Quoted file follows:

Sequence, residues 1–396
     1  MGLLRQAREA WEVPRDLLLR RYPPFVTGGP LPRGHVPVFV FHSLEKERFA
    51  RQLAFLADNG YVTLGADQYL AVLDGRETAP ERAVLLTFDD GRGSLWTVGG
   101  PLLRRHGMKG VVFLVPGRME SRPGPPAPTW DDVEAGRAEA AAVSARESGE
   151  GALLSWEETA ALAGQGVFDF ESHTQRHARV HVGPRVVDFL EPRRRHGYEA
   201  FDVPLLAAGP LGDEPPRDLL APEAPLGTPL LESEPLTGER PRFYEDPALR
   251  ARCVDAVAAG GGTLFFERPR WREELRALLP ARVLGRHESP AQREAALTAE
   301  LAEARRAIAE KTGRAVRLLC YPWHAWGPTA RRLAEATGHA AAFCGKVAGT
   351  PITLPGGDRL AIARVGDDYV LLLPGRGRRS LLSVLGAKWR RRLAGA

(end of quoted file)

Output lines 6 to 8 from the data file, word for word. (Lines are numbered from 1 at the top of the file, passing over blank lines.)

   201  FDVPLLAAGP LGDEPPRDLL APEAPLGTPL LESEPLTGER PRFYEDPALR
   251  ARCVDAVAAG GGTLFFERPR WREELRALLP ARVLGRHESP AQREAALTAE
   301  LAEARRAIAE KTGRAVRLLC YPWHAWGPTA RRLAEATGHA AAFCGKVAGT